So, jet lag is a real thing...
Updated: May 4, 2020
I am now into my second week in Cambodia. When me, Kate and Alice arrived in Phnom Penh we met a few of the VSO Cambodia team and Matt, a team leader from the previous group who is staying on to be team leader again. Before I write about my experience so far it might be good to actually write a little bit about what it is I am doing over here. I am here with the International Citizens Service (ICS) working with the Voluntary Service Overseas organisation (VSO). I fundraised over £800 to be here, this money did not go towards my fights or time here, it goes into a pot which is spread across all ICS projects to help them run safely and successfully year. The rest of the costs are covered by the Department for International Development. There are 4 UK team leaders and 4 Cambodian (Khmer) team leaders working in 4 different communities in two provinces. My province is Kampong Thom and my community is Prasat Sambour (I originally googled the wrong Prasat Sambour and thought I was going to be seeing the rare river dolphins in the Mekong River, I won't be but there is a world heritage temple where I will be so I can't complain). Me and my partner team leader Theavy (pronounced Tiawee) will be working with approx. 10 UK volunteers and 10 Khmer volunteers on a project called 'livelihoods'. The project aims at enabling the local youth to create sustainable volunteering, entrepreneurship and employment opportunities by developing the relevant skills needed and passing this knowledge on. We will be working in 3 local schools and creating local youth clubs in order to teach them about the Sustainable Development Goals and how they can improve their community and create a voice for themselves. One aspect which has already been started in a few local schools is raising awareness about the use of plastic, so I hope we can continue this as we will be going to 2 new schools this time round. We can use what the previous two groups have done to continue to spread the knowledge, we are now the third group (cycle) in Prasat Sambour.
Ok, so that's what I'll be doing in a nutshell, hopefully it makes sense, if not oh well, I know what I mean (I think...). We spent the first 5 days in Cambodia doing our 'In Country Orientation' (ICO), which is very similar to the training weekend I did in August in London, but from a local perspective. It was a very long week but super important because we have to deliver some of the ICO to ALL the volunteers when they arrive at the beginning of October. Because we arrived at midday, we showered and then went and explored a bit of Phnom Pehn - the Palace by the riverside and the central market before our first taste of Cambodian food. I had beef fried rice and it was very good, so I am not worried about being fed well while I am here. I can now admit this was the first time I have ever had jet lag. I didn't really believe it was big thing, because on all previous trips through different time zones I have generally arrived late afternoon/evening, or I have only been relaxing when I have arrived, I have never had a schedule or an early wake up so I've always caught up on my sleep and have never experienced jet lag. This time I was waking up 2 or 3 times a night for the first 6 days and was knackered the entire time. My body clock has finally got used to it now thank god.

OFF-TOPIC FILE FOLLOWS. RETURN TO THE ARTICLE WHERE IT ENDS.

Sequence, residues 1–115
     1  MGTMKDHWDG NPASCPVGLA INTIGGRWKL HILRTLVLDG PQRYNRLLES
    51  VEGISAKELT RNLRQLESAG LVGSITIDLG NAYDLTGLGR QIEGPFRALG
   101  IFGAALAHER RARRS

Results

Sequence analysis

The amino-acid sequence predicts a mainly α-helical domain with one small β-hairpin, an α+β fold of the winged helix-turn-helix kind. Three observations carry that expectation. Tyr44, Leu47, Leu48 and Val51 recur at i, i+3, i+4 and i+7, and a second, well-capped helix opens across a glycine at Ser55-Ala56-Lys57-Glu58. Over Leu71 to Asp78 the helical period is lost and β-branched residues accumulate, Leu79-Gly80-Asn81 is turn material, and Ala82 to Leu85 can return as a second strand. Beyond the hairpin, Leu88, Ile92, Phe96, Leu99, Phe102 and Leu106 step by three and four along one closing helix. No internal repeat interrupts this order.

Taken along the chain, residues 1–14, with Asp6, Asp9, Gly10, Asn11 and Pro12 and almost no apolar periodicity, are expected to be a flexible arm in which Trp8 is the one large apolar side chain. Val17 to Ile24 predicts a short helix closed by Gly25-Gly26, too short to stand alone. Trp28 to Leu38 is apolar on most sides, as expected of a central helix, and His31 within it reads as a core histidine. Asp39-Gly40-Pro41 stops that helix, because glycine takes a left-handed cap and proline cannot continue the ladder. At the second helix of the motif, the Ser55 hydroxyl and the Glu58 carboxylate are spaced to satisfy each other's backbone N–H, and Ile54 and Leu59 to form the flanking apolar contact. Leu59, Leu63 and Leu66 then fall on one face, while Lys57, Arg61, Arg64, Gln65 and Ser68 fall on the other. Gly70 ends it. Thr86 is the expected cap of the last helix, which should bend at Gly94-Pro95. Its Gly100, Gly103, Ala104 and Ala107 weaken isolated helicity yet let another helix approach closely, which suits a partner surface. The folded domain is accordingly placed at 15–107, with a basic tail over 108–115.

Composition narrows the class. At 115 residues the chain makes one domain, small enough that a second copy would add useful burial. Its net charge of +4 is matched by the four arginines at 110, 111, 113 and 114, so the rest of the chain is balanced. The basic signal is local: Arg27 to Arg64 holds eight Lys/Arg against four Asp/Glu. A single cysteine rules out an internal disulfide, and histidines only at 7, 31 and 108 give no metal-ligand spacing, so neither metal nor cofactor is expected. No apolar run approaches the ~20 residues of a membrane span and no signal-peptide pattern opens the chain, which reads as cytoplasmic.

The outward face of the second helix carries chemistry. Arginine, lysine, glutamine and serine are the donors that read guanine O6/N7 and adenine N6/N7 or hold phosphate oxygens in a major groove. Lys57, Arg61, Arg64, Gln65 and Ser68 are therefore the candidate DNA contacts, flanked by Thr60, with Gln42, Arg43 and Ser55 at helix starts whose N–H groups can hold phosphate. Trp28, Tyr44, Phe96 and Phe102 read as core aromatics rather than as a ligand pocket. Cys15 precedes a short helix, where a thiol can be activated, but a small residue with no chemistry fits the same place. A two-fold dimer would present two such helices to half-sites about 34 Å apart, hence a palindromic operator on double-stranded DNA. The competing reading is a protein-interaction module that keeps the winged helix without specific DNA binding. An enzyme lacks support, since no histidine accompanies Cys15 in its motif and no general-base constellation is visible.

I spent my first weekend in Cambodia with Theavy, Matt, Kakada and Santana and Makara, who are our Provincial Coordinator and Officer, visiting the two communities in Kampong Thom and seeing the host homes which is where we will all stay for the duration of the project. Santana will be in the office with me and Theavy in Prasat Sambour and will be our point of contact for everything, thank GOD. This was when the realty of the project really hit me, and I won't lie it was the biggest culture shock I have ever experienced. Yes I have volunteered before and yes I have been to The Philippines, but none of it fully prepared me for the reality of a rural Cambodian community until I actually saw it in real life. I knew this was going to be a challenge but now I think that it will be the hardest thing I will have ever done - not just because at this point I had only had 1 diet coke in a week which was probably making me more emotional than usual, and for those of you who know me well, will know how much of a struggle this small factor is, let alone all the other differences I will need to adapt to to make the most of this experience. I had only been away a week and I was already missing home more than I did the whole time I was away last year so at least I am prepared for how the UK volunteers will be feeling once they arrive!
Next we meet the Khmer and UK volunteers and do some more training with them before we are all ready to move to the community and meet our host families. There is a national holiday in Cambodia at the moment called Pchum Ben. The VSO office closes on Friday for a week and most people leave the city and go to be with their family to respect their ancestors. They visit their Pagoda (temple) and offer sticky rice balls to the spirits of their relatives - they even make small and large rice balls so that small and large mouths can eat them, and they do this before dawn so that even the bad spirits can eat before sunrise as they don't know whether all of their ancestors went to heaven or hell. This means us UK team leaders get a week off which we usually would not have. We are going to plan some travels to see some special parts of country before the real hard work begins!